What is “cardiac asthma”?

Patients with elevations in PVP, such as in congestive heart failure or mitral stenosis, have airflow limitation due to increased airways resistance. On physical examination, this may be manifested as wheezing. Although blood vessel engorgement and edema are thought to be responsible for this process, smooth muscle constriction may also be involved. Bronchial hyperresponsiveness to methacholine and acetylcholine has been demonstrated in cardiac asthma. Obviously, it is important to distinguish wheezing due to heart failure from wheezing due to intrinsic airway disease, as the treatment is substantially different. A careful history and physical examination, followed by a therapeutic trial of diuretics or bronchodilators, will answer the question.

Besides wheezing, patients with congestive heart failure often have coarse crackles. What other pulmonary diseases can cause crackles?

Bronchiectasis

Chronic obstructive pulmonary disease (COPD, especially chronic bronchitis)

Pneumonia

Interstitial lung disease.

As with cardiac asthma, a careful history is the best initial approach to diagnosis. Sophisticated analysis of crackles in different disease states has shown that cardiac crackles are typically more coarse and prolonged than the fine, late-inspiratory, short-duration crackles of interstitial lung disease. COPD crackles also tend to be of short duration, but are early in inspiration and are relatively infrequent and scant. Differentiating crackles of congestive heart failure from those of pneumonia and bronchiectasis is more difficult.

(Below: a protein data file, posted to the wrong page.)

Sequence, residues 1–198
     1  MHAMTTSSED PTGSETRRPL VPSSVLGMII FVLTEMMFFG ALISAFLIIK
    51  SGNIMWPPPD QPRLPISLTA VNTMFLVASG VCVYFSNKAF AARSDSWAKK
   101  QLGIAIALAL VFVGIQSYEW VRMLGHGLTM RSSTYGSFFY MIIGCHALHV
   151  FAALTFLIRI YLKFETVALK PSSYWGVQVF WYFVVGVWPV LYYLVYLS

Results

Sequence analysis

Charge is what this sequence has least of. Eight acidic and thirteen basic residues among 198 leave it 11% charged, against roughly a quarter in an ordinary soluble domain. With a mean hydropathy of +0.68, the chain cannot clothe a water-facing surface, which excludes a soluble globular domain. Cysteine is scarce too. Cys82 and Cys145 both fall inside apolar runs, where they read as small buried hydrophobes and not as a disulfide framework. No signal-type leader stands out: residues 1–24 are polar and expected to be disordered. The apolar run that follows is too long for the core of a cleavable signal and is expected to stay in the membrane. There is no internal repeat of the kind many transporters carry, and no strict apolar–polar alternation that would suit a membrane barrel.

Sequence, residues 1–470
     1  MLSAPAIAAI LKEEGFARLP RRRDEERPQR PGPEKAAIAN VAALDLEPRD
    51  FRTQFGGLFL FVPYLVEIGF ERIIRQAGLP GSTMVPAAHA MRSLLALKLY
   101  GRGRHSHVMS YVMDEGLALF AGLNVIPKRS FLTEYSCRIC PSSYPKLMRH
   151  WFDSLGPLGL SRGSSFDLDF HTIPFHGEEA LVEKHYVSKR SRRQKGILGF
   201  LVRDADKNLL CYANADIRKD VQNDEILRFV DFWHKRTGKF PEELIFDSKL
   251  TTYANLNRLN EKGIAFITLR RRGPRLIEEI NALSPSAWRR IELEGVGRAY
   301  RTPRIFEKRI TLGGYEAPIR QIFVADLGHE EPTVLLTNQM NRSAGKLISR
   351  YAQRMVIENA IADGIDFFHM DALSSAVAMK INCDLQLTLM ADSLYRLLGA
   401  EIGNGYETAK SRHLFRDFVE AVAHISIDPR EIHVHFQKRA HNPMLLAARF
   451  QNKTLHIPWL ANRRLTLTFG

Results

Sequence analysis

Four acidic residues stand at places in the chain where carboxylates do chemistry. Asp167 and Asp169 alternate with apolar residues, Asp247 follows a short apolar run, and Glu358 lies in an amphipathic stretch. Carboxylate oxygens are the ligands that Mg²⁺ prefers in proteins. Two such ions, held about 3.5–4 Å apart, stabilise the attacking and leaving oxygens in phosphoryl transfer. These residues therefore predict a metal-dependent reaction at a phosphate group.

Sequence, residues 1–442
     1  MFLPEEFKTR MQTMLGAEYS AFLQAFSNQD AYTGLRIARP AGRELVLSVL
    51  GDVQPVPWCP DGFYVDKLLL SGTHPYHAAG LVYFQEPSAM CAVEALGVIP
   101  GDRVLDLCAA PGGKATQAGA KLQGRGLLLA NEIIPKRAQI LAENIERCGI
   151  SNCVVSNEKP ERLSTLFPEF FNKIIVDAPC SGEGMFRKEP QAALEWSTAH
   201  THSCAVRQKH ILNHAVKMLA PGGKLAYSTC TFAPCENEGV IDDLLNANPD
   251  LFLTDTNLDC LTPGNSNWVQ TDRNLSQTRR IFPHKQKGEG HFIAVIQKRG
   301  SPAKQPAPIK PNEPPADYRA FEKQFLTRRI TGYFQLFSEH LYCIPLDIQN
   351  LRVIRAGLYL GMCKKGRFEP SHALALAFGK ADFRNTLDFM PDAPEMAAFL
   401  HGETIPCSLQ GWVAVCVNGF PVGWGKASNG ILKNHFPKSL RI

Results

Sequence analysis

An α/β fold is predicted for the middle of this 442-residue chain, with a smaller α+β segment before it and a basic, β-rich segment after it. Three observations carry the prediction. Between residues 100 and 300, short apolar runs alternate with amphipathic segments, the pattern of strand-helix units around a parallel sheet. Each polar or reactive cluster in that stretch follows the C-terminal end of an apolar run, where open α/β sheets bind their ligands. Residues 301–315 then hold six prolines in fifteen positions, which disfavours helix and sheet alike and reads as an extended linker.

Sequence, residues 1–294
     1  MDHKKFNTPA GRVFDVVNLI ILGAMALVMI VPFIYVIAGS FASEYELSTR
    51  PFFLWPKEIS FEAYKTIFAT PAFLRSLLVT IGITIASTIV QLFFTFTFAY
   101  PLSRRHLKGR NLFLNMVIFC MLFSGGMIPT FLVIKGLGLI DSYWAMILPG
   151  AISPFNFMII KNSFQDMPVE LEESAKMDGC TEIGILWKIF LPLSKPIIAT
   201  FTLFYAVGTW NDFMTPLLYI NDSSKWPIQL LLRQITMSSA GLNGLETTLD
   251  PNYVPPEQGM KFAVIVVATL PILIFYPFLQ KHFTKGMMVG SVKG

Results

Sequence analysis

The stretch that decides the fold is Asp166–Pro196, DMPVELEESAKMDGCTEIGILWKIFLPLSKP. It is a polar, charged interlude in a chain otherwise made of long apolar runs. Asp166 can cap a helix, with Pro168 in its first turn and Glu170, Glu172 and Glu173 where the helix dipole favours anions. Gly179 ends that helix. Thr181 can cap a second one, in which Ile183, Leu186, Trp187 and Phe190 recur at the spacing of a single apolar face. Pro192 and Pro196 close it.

What new respiratory care modality can be used to treat cardiogenic pulmonary edema and congestive heart failure?

Continuous positive airway pressure (CPAP). CPAP is applied via a tight-fitting mask over the mouth and nose or nose alone. It is usually used to treat respiratory insufficiency due to obstructive sleep apnea or severe COPD. However, CPAP has also been shown to be effective in improving symptoms of acute pulmonary edema and may buy time when one is trying to avoid intubation while waiting for pharmacologic therapy to take effect.

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